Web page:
THE SIKH TIMES
Noteworthy News and Analysis from Around the World
In-Depth Coverage of Issues Concerning the Global Sikh Community Including Self-Determination, Democracy, Human Rights, Civil Liberties, Antiracism, Religion, and South Asian Geopolitics
Home | News Analysis Archive | Biographies | Book Reviews | Events | Photos | Links | About Us | Contact Us
Time, Mar. 9, 1925
One of the most remarkable religious wars of history apparently came to an end last week with the pronouncement of sentence by the Imperial British Court in Lahore, India, upon 54 Sikhs - for 4, death; for 9, life imprisonment; for 41, a term of three to seven years hard labor.
The story of this war is a coat of many colors, of which the patches must be plucked from the incidents of four centuries.
Sikhism is the world's newest great religion; is, in many respects, the world's purest. Its locale is Northwestern India (Punjab, etc.) and its personnel, about 2,000,000 - a sturdy, rugged, effectual type not found elsewhere in the Indian Empire.
About the time of Martin Luther (1483 to 1546), there arose among these people a prophet protesting against Hinduism on the one hand and Muhammadanism on the other. His name was Nanak. He taught that God was neither Allah nor Ram, but simply God. He rejected the Hindu idols, caste-system, concremation of widows (suttee), pilgrimages to sacred rivers (TIME, Feb. 9). He forbade wine, tobacco, infanticide. His essential difference from Christianity was a belief in transmigration and fatalism.
The new religion of high morality grew and waxed great in the border country. But, as the years passed, the independence of the Sikhs aroused the jealousy of Akbar the Great and his Imperial Muhammadan successors, until finally a Sikh ruler, in self-protection, was forced to add militarism to the Sikh code. His name was Govind Singh. He instituted the ceremonial of baptism. When a mature Sikh youth became baptized, he added Singh (Lion) to his name - 'John Jones' became 'John Jones, Lion.' From baptism, the youth must wear the five 'K's: 1) kes - uncut hair of the whole body; 2) kachh - short drawers, for convenience in fighting; 3) kara - iron bangle; 4) khanda - steel dagger; 5) khanga - comb (his kit for cleanliness).
It was Emperor Aurangzeb, grandson of Akbar, builder of Taj-Mahal, who first captured a Sikh ruler and executed him in 1375. During his imprisonment, the Emperor accused him of looking toward the west in the direction of the imperial zenana (women's quarters). Replied the Sikh Singh: 'I was not looking at thy private apartments, O Emperor, or at thy Queen's. I was looking in the direction of the Europeans who are coming from beyond the seas to tear down thy purdahs (curtain which screened off women's apartments) and destroy thine empire.' This prophecy became the battle-cry of the Sikhs when they routed the British in Delhi in 1857.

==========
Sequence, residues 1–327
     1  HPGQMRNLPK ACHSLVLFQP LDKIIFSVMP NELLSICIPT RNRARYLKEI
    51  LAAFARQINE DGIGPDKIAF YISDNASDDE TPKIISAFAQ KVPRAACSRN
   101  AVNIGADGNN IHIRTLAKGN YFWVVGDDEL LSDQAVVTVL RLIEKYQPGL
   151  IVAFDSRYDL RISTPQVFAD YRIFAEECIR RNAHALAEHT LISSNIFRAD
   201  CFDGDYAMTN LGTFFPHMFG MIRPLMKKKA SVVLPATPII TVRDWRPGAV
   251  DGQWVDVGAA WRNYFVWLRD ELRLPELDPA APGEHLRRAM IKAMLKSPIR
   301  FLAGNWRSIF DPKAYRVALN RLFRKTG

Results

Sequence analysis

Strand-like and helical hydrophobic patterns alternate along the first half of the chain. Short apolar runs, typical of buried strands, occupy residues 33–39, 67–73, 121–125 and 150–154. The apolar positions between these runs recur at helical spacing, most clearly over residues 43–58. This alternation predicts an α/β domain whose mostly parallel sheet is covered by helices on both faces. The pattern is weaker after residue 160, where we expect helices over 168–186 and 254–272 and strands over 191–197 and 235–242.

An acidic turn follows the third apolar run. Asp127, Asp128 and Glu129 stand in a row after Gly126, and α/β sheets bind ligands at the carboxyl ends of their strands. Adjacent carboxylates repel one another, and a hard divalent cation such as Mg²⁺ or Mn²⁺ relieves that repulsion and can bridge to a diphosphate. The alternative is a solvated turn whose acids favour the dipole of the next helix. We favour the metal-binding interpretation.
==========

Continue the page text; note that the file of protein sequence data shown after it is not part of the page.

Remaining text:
This new doctrine did not appeal to women, who preferred the picturesque material brightness of Hinduism, but it developed the fighting man. Hardy, victory-or-die, well-disciplined sort of fellow, the Sikh has become without peer the greatest soldier in Asia. Him the British found hardest to conquer. Having conquered him, they found him their great military asset overseas. In Shanghai and other treaty ports of China, the only constabulary are the long-haired, short-drawered Sikhs. (It is required of them that they stand 6 ft. in their stockings.) And, in India, it is the Sikhs who keep the peace.
But, after their final surrender to the British, 60 years ago, the Sikhs allowed their religious customs to fall into decay and corruption. Their moral code became slack. Their shrines were placed in charge of a 'manager' appointed by the British Raj.
Five years ago, the reforming zeal of Nanak and Govind Singh broke out once more. 'Sikhism,' cried the new zealots, 'must be kept pure. The shrines must be redeemed from the 'manager' and placed once again under the stern rule of a guru [chief Lion].'
In February, 1921, many Sikh Singhs were killed by the hired soldiers of a decadent Abbot whose monastery they had attacked. Later in the same year, the Government of the Punjab endeavored to satisfy the reformers but were balked by the die-hard attitude of the Shroniani Gurdwara Prabanak (Sacred Shrines) Committee, which represented the reformers. In 1922 and 1923, this Committee exercised a reign of terror over the Punjab; and in October, 1923, the British Raj practically outlawed the Committee. In 1924, there was a pitched battle in which 21 reforming Sikhs were killed and 34 wounded. Casualties in informal raids were innumerable. Finally, last year, 54 members of the committee were arrested. Last week, they were found guilty of treasonable conspiracy and condemned to death or prison. This reformation is dead.